Until recently, the messages and documents we exchanged over the internet were all basically text. Faster connections allowed more pictures, and then actual videos. Today, few people visit text-based news sites but millions frequent vlogger channels on YouTube and other platforms. As a result, content creation is undergoing a revolution. All media (news, movies, documentaries) used to be created by big telecom companies such as the BBC and the public just had to watch but today anyone can become a creator and upload their own material. Most creators are entertaining, many become famous and a few have become rich. The shift from text to video is likely to continue and even more of us will want to create this video material for which a fast connection will be important.

Another incentive could come from operating system suppliers such as Microsoft: in fact, Microsoft was the main driver of computer upgrades for more than two decades – by supplying heavier operating systems and dropping support for older ones. We aren’t sure why computers need ever more bloated operating systems but despite attempts to roll them back (Linux) Microsoft Windows is still calling the shots. Windows 11 makes your private devices even more dependent on a reliable connection.

In case you are still not convinced, the government is planning a “Gigabit Voucher Scheme” that will subsidise both private customers and businesses – especially in rural areas – to install a new faster connection to their premises. Those whose line currently supports less than 100Mbps will get priority. Many households can get up to £1,500 towards the cost while businesses can get £3,500 [3].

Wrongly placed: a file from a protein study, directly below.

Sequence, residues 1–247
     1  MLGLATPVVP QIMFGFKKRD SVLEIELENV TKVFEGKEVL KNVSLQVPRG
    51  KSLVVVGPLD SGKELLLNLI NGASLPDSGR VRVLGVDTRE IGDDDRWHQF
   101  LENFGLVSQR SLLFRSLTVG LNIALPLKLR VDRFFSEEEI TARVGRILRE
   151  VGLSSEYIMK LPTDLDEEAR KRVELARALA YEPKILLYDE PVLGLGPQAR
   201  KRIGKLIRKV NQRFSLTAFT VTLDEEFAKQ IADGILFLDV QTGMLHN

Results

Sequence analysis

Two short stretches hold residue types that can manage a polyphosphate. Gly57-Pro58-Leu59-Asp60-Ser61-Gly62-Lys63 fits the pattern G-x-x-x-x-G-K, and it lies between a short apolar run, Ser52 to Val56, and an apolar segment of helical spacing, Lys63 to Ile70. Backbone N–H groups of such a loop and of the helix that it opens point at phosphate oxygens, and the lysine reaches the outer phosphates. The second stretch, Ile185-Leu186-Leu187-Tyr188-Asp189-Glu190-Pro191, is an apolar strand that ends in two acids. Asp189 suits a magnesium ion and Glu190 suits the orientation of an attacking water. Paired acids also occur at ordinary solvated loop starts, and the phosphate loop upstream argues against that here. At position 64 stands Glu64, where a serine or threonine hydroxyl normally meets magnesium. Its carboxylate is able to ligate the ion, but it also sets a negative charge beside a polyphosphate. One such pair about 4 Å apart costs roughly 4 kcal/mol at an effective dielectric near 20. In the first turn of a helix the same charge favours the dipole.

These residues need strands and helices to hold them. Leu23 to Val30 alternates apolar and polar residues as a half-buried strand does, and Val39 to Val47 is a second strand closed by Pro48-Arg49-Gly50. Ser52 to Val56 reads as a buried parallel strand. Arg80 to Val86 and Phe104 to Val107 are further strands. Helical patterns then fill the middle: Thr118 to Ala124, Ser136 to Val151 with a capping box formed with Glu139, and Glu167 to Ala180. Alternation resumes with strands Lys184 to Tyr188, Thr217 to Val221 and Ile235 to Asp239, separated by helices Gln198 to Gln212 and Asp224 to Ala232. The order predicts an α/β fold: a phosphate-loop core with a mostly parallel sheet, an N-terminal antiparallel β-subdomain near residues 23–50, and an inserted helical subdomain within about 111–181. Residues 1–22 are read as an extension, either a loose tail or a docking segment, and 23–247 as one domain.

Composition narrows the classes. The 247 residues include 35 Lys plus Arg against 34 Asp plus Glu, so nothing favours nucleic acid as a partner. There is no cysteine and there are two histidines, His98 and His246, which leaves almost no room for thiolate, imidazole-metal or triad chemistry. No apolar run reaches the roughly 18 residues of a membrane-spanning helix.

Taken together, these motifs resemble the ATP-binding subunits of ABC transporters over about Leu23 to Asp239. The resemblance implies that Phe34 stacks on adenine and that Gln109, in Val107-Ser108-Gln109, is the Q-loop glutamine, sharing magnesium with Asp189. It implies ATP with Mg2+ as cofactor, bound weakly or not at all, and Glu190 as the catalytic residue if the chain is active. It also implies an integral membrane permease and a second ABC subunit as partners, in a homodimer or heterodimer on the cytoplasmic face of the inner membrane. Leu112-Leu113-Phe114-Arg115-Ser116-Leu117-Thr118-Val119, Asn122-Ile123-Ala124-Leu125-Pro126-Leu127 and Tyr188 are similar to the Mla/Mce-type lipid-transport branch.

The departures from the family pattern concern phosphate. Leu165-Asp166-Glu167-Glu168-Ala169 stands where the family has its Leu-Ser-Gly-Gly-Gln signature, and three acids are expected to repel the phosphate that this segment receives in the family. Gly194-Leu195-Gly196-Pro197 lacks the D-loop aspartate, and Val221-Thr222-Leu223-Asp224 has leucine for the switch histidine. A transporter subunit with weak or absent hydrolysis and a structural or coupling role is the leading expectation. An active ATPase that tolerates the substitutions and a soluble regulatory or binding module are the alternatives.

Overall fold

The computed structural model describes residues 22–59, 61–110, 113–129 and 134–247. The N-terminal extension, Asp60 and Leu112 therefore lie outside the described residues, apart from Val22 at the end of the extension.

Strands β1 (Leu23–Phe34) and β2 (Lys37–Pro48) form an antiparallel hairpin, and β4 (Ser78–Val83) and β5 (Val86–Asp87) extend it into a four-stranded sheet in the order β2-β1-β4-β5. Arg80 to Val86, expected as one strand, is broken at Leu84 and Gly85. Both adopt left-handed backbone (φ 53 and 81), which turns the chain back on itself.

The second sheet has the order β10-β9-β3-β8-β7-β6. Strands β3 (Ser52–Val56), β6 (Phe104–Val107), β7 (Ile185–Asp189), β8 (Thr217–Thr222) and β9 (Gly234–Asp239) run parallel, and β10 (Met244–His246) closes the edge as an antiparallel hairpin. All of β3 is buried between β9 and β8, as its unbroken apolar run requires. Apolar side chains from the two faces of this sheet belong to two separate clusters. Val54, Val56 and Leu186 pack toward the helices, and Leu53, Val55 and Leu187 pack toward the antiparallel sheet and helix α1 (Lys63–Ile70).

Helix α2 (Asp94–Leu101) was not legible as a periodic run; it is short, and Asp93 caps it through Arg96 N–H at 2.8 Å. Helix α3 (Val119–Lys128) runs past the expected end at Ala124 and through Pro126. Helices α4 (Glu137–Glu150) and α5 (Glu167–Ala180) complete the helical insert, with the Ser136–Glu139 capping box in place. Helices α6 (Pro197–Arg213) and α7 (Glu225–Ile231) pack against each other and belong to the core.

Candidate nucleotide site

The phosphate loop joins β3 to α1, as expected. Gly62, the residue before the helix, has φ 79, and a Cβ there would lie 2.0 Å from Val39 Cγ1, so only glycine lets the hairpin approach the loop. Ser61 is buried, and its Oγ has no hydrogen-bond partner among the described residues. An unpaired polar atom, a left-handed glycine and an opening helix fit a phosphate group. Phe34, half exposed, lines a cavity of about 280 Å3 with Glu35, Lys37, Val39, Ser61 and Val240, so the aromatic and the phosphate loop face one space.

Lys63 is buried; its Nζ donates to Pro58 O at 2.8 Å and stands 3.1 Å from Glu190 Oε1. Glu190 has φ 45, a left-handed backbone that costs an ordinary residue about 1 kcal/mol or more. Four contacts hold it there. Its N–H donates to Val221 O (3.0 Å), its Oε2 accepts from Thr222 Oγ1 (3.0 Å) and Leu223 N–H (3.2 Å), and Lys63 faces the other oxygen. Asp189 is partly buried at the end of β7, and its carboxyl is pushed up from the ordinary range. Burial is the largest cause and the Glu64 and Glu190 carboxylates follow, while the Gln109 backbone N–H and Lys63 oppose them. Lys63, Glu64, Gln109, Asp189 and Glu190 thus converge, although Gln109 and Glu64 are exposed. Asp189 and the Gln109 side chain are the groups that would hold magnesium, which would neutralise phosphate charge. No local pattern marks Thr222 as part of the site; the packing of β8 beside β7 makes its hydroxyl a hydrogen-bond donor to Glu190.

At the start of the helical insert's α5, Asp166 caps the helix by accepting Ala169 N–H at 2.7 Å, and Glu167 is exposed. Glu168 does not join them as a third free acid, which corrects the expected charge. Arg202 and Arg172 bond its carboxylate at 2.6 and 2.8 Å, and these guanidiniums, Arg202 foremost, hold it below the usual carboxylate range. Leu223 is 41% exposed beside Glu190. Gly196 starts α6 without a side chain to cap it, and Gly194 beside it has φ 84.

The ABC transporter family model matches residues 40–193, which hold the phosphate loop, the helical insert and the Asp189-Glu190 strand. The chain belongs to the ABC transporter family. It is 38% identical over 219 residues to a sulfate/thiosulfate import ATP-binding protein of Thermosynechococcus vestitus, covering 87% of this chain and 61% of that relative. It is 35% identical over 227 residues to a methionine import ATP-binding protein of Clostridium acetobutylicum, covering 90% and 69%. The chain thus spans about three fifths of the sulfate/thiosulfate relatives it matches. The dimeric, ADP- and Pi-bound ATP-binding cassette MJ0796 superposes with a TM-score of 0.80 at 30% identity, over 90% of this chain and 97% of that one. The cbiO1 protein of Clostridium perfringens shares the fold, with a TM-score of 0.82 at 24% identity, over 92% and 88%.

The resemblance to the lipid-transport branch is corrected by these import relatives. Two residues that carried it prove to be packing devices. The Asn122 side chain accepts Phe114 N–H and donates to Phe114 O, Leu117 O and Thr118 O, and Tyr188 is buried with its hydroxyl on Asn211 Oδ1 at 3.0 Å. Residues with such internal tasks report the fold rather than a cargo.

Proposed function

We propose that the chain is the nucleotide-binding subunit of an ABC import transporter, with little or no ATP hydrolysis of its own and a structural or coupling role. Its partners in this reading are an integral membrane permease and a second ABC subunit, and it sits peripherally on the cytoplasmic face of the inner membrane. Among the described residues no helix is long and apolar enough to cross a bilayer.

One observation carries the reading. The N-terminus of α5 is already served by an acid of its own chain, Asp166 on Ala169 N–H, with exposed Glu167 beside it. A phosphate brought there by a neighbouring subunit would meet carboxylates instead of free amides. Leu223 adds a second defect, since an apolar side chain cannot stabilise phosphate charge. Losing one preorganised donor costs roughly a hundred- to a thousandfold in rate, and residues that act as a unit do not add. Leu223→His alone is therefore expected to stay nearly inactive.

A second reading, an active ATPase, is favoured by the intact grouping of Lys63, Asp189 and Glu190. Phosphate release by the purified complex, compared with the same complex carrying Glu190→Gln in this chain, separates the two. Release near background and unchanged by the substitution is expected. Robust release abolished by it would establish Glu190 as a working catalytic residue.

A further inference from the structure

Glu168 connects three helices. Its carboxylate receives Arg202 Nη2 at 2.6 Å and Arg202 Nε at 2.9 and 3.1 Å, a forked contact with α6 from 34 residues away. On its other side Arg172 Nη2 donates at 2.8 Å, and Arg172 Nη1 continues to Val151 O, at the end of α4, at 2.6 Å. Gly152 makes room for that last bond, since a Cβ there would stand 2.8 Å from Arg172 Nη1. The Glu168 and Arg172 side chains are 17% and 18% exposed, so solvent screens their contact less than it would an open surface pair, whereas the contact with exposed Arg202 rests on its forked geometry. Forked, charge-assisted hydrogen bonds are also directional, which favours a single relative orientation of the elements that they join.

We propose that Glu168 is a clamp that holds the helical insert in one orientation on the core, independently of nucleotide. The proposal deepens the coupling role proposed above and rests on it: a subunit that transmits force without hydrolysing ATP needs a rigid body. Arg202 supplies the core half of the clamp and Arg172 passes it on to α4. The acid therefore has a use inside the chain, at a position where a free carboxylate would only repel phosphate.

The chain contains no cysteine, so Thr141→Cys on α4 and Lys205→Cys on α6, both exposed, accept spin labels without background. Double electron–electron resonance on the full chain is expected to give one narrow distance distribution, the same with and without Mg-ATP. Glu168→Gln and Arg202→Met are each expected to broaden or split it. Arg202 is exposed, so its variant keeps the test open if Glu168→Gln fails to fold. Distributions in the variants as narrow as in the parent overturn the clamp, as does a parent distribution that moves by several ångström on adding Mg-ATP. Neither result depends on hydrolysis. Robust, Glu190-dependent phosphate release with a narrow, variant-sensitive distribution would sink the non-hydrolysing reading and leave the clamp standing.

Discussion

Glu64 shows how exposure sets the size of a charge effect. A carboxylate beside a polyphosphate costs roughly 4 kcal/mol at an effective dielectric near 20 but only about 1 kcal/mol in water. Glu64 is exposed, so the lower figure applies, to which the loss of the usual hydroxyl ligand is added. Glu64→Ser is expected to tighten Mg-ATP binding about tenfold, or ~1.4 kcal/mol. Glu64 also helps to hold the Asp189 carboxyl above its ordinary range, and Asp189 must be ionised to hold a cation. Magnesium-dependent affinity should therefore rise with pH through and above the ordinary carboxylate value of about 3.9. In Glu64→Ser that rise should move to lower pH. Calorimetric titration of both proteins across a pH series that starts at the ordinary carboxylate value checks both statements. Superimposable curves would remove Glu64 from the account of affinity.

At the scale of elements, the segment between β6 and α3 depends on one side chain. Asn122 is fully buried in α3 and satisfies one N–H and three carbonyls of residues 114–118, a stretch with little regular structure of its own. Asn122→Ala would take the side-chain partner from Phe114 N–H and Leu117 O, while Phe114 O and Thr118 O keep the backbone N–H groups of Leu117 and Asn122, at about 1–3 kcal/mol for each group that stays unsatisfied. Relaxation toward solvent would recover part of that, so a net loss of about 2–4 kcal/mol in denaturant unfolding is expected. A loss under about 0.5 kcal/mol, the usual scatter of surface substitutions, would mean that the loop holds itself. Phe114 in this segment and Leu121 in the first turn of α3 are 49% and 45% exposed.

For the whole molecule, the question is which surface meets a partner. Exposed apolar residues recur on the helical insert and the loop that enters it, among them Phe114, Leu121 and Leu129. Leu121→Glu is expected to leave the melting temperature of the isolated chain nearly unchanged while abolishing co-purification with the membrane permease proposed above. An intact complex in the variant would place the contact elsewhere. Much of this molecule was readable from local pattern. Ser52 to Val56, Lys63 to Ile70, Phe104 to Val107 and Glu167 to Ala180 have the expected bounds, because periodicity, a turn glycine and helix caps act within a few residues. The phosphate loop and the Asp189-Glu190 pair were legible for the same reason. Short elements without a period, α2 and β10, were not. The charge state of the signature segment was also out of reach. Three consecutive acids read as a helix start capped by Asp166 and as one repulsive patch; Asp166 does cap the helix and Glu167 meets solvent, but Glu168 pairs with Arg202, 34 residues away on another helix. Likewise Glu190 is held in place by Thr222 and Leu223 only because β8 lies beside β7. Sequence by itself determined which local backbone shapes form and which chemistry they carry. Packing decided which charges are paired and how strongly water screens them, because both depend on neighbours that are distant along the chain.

Originally the UK government promised that Gigabit Broadband would be available to every home in Britain by 2025 and BT backed up that view – almost – by predicting that “Hyperfast” would be available almost everywhere by 2025. They have since backpedalled somewhat from that promise.

“Gigabit” and “Hyperfast” Broadband are already available in many areas with packages offered by both BT and Virgin Media, however, the first thing you will need to check is whether those packages are available in your own area. You can do this easily on Free Price Compare ( Inevitably, some geographical areas will have full access before others, and even if your city is on the priority list, it does not mean that every neighbourhood of that city will have access at the same time. Some of the first scheduled to go online are parts of Cambridgeshire, Cornwall, Cumbria, Dorset, Durham, Essex, Northumberland, South Tyneside and Tees Valley.

Followed soon after by Norfolk, Shropshire, Suffolk, Worcestershire, Hampshire and the Isle of Wight.

During a BBC Today programme in 2020, the Secretary of State for Digital, Culture, Media and Sport Oliver Dowden implied that installing Gigabit access would never be commercially viable for 20% of the country which is why a government fund has been set up to extend it further. So far, the government has stopped short of promising it will ever be available to everyone regardless of where they live. Of the £5 billion fund they originally promised to help build the new networks, only £1.2billion has so far been earmarked for delivery before 2024 [4].

In addition, there is a big difference between having access to Gigabit service and having a choice of provider. Currently, the two main networks have just a 6% overlap which at the moment means that only about 1% of UK homes can choose equivalent packages from two or more providers. That number will expand greatly in coming years. Other companies are also busy building fibre optic networks, including Hyperoptic, Gigaclear and Community Fibre.

Gigaclear is noteworthy in that their packages offer equal upload and download speeds while almost all other companies – BT, EE, Virgin Media – have always provided a much greater download than upload speed. This is of growing importance because activities such as video conferencing, video calls, content creation and website management make equal or greater demand on your upload speed. This is definitely something to consider when choosing your package.